ECN e.V.

Network for Organic Resources and Biological Treatment
ECN E-BULLETIN No. 11_2020
26 November 2020
In cooperation with the Compost Council of Canada (CCC) and the Composting and Anaerobic Digestion Association of Ireland (Cré) we would like to celebrate the World Soil Day 2020 with an compost online session on 'Healthy Food with Healthy Soil' on Thursday (3 December 2020) from 4:00 to 5:00 pm.

On the occasion of World Soil Day 2020 and the Save Organics in Soil Initiative please join us to learn about the RESULTS of the 5-Year Agricultural Research Trial in Manitoba, Canada with a focus on the soil and nutritional health benefits realized through compost applications on vegetable crops.

Presented by: Lord Abbey Dalhousie University
Date: Thursday December 3rd, 2020
Start Time: 10 am (EST) Canada, 3pm (GMT) Ireland and 4pm Central Europe (CET)

Register and join in and hear the results of this remarkable research here.

Please download the event programme here.

World Soil Day 2020

Keep soil alive, protect soil biodiversity

Wsd Logo
World Soil Day 2020 (#WorldSoilDay) and its campaign "Keep soil alive, Protect soil biodiversity" aims to raise awareness of the importance of maintaining healthy ecosystems and human well-being by addressing the growing challenges in soil management, fighting soil biodiversity loss, increasing soil awareness and encouraging governments, organizations, communities and individuals around the world to commit to proactively improving soil health.

The Global Partnership on Soil of the Food and Agriculture Organisation of the United Nations (FAO) will celebrate the World Soil Day 2020 with a Global Ceremony on Friday 4th December 2020.

Please access more information here.

EU Commission

Public consultation on the Sewage Sludge Directive open

The Sewage Sludge Directive 86/278/EEC was adopted to encourage the correct use of sewage sludge in agriculture and to regulate its use in order to prevent harmful effects on soil, vegetation, animals and humans.

The use of sludge in agriculture is an effective alternative for chemical fertilisers, as it is rich in nutrients such as nitrogen and phosphorous. Sludge also contains valuable organic matter that is useful when soils are depleted or subject to erosion. Recycling of materials, in line with circular economy principles, is high on the EU agenda. However it is also important that what is used as a resource is not contaminated, otherwise recycling will result in increasing pollution of soil, water and/or air.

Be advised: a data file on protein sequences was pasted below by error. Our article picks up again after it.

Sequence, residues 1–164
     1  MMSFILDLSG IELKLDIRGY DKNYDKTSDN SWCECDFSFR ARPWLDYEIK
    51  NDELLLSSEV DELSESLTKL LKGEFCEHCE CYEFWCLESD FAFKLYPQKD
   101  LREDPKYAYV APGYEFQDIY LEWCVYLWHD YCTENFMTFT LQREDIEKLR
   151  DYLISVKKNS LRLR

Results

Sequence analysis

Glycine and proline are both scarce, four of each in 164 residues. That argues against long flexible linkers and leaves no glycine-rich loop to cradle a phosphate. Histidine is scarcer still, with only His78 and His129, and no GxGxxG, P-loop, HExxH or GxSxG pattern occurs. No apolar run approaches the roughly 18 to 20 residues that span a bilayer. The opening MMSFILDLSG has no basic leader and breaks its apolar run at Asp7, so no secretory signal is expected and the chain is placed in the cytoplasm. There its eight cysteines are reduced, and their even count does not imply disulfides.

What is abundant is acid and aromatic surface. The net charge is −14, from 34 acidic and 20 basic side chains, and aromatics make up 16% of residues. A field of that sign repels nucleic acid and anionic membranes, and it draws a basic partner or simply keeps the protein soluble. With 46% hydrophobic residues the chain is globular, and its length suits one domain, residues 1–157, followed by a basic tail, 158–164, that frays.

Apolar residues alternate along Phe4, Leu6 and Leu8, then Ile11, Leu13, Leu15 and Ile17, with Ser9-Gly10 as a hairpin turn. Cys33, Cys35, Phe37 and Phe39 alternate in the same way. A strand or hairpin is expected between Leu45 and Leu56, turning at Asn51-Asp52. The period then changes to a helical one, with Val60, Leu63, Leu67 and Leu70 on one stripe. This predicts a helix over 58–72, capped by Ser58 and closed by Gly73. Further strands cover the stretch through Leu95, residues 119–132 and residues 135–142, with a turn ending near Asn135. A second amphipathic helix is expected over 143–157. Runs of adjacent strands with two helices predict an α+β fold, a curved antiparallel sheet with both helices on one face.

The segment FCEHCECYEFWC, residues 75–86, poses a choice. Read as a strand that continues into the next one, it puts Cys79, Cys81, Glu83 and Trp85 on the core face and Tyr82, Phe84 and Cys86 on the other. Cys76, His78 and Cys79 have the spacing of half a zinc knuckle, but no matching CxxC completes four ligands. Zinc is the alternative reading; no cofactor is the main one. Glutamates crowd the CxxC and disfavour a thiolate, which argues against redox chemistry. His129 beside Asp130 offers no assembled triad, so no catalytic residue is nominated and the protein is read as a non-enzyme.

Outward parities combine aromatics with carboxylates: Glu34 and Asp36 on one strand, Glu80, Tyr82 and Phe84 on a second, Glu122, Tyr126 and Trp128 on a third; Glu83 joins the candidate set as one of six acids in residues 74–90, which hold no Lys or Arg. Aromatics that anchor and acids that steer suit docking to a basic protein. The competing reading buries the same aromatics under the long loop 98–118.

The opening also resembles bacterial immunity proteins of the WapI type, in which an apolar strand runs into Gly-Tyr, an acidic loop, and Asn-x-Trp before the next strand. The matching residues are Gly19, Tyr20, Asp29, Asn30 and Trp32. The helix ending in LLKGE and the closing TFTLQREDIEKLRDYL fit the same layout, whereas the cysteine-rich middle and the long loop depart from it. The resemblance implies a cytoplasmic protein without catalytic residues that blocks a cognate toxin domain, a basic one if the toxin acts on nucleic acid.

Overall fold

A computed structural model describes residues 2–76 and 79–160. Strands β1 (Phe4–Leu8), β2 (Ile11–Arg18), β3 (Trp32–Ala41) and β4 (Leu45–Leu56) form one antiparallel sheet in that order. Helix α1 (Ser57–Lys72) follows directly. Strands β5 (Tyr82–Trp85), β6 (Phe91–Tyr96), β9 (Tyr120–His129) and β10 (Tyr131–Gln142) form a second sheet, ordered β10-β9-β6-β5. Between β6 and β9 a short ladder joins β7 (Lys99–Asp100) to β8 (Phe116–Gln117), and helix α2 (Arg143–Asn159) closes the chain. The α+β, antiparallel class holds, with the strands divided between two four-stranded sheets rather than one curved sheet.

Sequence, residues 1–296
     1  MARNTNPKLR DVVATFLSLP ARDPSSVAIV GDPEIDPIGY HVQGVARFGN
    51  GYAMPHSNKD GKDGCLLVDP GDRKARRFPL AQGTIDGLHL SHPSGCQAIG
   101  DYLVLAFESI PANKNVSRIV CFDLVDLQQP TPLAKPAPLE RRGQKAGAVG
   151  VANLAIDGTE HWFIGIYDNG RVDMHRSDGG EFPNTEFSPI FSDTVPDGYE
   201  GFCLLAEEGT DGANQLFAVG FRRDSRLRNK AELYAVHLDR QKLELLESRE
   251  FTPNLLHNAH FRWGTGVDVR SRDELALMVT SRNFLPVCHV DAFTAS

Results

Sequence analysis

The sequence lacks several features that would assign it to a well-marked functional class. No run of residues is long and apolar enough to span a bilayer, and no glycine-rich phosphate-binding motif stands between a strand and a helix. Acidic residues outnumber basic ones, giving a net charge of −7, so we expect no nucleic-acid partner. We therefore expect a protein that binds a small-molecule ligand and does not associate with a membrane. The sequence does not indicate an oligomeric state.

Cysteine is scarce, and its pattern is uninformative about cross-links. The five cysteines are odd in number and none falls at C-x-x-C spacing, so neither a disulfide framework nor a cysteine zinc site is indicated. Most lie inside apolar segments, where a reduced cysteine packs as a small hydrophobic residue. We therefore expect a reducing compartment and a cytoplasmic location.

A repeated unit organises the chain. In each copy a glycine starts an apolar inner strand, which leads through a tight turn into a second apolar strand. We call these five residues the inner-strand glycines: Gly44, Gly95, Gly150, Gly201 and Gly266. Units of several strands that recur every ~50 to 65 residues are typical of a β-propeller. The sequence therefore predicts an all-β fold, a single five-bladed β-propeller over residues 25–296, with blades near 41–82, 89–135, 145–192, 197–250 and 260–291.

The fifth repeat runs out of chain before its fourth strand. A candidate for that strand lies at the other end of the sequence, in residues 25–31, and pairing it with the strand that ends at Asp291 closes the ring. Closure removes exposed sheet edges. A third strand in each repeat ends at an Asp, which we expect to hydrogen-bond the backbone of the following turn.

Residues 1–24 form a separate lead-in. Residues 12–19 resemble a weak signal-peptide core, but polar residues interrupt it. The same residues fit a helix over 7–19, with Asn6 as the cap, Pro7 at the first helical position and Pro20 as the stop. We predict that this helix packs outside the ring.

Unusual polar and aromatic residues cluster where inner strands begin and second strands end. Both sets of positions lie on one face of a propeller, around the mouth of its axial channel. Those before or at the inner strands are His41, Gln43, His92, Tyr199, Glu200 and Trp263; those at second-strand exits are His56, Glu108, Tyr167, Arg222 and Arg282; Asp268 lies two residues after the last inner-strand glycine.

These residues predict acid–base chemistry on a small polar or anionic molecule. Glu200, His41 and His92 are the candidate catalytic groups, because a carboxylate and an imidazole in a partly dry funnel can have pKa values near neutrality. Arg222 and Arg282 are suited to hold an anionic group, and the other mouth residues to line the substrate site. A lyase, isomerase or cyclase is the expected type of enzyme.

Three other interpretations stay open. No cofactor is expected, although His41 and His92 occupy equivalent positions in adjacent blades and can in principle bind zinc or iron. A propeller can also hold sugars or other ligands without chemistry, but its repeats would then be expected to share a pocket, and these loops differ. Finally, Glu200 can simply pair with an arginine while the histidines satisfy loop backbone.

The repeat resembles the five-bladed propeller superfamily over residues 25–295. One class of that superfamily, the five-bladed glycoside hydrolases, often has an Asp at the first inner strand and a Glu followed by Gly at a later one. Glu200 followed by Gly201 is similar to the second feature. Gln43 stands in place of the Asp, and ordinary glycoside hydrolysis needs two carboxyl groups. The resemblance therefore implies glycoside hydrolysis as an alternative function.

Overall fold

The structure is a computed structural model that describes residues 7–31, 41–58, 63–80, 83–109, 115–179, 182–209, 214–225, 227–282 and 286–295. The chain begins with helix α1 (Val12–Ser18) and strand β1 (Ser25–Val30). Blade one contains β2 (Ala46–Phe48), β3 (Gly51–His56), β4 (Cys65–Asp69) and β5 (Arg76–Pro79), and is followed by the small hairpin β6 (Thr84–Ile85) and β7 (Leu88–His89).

The Circular Economy Action Plan adopted on 11 March 2020 commits the Commission to consider revising the Sewage Sludge Directive. To inform this reflection, this evaluation aims to see whether the law is doing what it is meant to do, whether its objectives are still relevant today, and whether the costs arising from the requirements of the law are justified.

The results of this consultation (feedback period 20/11/2020 – 05/03/2021) will feed into the evaluation work. Please take part in the consultation here.


Biorepack and the first EPR scheme for compostable packaging

On 14 November the Italian Ministries of Environment and Economic Development have approved the Statute of Biorepack, the first consortium in the World in charge of the implementation of an extended producer responsibility (EPR) scheme on compostable packaging.

The consortium was set up to help achieve the recycling and recovery objectives of packaging waste and packaging materials produced in the national territory. In particular, the Consortium will rationalize, organize, guarantee, promote and encourage the collection of compostable plastic packaging waste, its labeling and recognition by citizens/consumers, for the purpose of the correct management of these materials as part of the separate collection of biowaste, thus avoiding contamination with other waste streams and fighting false environmental declarations.